I want to create a stratum 0 NTP clock that does not require soldering or any special hardware. It should only require a USB port and software. It should have at least 125 microsecond accuracy.
I created a Navspark firmware to print a timestamp on the serial port. It uses a string that looks like
$TS2014-06-17 @ 10:01:01(+0.234567) PM and the timestamp is the start of the transmission of the '$' character.
I also wrote a program for the Linux PC that takes the local timestamp with the GPS timestamp and sends it to NTP.
Before connecting the Navspark to the PC, I connected it to a second microcontroller. On the second microcontroller, I compared the time between the Navspark's timestamp pin going high and the UART byte '$' in the timestamp line received. From this duration, I removed the Navspark's processing time found in the "$ZZAAC" message (timestamp interrupt time as well as time spent in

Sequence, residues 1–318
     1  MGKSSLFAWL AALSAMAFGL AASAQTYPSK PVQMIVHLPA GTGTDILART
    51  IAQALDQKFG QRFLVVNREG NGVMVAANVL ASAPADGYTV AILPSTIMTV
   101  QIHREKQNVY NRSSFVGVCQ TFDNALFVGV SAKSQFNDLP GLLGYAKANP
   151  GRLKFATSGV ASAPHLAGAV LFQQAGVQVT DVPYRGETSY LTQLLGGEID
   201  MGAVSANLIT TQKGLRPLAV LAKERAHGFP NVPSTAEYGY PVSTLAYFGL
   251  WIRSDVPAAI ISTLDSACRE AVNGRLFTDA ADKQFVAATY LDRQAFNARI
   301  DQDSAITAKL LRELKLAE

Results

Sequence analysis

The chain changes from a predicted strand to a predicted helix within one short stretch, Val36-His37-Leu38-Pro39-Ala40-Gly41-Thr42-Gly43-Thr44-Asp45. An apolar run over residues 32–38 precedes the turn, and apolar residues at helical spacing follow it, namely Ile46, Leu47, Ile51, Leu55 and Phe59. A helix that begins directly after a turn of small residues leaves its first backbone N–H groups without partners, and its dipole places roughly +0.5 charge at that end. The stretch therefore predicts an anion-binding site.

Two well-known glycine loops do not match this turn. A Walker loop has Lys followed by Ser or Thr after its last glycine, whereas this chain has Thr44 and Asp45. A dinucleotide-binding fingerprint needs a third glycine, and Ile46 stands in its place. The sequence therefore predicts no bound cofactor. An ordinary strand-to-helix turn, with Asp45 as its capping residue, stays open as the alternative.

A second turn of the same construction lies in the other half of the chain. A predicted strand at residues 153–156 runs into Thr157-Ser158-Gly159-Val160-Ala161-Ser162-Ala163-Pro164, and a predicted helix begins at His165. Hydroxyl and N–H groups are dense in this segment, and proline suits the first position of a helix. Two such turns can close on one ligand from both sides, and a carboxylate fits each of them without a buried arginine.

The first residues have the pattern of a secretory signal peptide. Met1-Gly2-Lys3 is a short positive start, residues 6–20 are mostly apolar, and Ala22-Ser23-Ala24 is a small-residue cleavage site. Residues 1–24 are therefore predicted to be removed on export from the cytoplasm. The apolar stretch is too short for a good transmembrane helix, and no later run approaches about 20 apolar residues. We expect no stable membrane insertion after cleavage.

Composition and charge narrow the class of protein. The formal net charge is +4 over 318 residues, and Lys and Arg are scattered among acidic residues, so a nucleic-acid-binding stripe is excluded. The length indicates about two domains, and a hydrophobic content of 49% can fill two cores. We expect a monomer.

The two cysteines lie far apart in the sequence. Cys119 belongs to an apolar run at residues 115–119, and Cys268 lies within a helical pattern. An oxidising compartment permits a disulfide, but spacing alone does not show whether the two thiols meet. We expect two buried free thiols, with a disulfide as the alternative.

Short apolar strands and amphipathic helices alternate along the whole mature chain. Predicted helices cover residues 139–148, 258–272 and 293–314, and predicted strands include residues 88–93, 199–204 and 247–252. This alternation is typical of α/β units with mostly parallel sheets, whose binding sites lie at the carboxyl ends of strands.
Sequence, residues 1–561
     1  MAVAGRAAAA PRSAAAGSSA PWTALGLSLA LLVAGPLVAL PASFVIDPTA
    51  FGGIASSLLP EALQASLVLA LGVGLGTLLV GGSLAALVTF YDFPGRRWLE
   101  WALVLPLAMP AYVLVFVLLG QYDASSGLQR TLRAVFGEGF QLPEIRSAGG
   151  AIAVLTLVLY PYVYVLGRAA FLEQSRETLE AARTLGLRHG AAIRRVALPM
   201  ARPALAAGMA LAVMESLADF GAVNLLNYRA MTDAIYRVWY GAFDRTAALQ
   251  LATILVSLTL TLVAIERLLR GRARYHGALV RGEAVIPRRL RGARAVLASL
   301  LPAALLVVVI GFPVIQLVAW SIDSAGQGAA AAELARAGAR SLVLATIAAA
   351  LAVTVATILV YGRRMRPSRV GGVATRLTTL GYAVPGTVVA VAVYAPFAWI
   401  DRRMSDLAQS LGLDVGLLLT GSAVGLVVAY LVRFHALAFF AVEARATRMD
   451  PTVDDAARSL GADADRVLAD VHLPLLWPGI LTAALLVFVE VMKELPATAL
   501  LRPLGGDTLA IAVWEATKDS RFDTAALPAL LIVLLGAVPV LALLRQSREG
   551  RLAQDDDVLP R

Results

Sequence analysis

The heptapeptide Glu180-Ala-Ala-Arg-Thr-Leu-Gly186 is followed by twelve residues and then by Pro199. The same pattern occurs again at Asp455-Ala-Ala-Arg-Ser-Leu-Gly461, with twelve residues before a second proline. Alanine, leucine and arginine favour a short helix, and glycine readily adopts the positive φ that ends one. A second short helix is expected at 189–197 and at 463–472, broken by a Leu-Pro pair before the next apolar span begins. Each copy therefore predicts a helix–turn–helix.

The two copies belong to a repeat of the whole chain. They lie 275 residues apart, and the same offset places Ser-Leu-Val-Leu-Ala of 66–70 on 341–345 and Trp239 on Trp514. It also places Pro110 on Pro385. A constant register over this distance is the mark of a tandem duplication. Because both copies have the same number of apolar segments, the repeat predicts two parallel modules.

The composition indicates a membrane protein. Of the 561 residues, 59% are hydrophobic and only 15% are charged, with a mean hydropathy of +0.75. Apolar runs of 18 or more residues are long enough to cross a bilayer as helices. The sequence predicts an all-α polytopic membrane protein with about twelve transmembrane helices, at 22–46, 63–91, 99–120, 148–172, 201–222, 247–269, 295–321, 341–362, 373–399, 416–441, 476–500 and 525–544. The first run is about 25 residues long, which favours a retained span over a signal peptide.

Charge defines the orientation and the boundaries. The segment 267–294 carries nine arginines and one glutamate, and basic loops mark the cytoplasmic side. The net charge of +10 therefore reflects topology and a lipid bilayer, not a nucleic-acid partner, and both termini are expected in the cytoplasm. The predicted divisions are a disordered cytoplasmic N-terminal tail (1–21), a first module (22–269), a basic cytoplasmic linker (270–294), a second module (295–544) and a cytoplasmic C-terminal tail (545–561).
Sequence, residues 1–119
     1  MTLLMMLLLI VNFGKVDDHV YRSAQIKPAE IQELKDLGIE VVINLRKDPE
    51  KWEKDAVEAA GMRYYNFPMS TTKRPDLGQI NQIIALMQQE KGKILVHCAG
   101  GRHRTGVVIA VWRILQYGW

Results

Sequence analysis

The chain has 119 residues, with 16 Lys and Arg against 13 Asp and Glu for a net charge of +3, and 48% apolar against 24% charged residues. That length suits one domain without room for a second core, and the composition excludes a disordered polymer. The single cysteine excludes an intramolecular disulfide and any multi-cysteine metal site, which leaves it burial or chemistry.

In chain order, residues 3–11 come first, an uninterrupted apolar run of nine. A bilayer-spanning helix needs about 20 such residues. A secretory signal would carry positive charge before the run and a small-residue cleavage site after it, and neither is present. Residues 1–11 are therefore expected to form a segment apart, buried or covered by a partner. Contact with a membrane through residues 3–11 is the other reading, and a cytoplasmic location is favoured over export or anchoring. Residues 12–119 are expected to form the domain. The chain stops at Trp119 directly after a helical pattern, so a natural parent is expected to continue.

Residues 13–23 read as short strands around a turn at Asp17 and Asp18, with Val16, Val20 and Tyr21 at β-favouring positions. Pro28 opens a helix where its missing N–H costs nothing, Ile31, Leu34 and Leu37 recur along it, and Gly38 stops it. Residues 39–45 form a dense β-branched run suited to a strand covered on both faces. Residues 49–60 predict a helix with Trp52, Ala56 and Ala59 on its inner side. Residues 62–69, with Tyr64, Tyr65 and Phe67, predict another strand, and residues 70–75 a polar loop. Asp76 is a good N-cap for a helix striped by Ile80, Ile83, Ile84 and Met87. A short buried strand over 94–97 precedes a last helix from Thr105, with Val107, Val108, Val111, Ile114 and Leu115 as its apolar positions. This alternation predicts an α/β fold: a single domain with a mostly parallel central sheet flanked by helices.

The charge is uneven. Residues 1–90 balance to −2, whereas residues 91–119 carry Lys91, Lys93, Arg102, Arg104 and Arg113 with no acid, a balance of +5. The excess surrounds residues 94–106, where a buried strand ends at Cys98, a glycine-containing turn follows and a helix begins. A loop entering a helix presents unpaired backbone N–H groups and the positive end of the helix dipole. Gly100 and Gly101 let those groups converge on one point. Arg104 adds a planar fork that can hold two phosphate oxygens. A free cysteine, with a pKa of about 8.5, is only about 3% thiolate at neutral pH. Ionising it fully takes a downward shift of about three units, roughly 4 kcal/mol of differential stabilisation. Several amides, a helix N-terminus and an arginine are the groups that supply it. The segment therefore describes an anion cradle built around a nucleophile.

gnss_uart_tx_send) as well as 86 microseconds for the UART transmission time at 115.2kbaud.
In an ideal world, this would be a flat line at 0 microseconds.
mean: -0.2 microseconds std dev: 0.6 microseconds min: -2 microseconds max: 2 microseconds
This is pretty good, considering that 1 bit is almost 9 microseconds wide at 115.2kbaud.
Finally, I hooked it up to a PC. The USB/UART bridge is the main source of error in this setup.
I used the ntp-shm program (from the "How?" section above). I got a result of:
The green line is the PC's clock running fast (between 19.2 ppm and 19.8 ppm fast) and the red mass is the offset between the local and GPS clocks. The 90th percentile of NTP offsets is +/-47 microseconds. So this is better than the 125 microsecond accuracy of the USB/UART bridge. You can see my AC turning off and on in the green line. The times on the graph are in UTC and I'm in UTC-5.
Bonus NTP graph
Histogram of clock offsets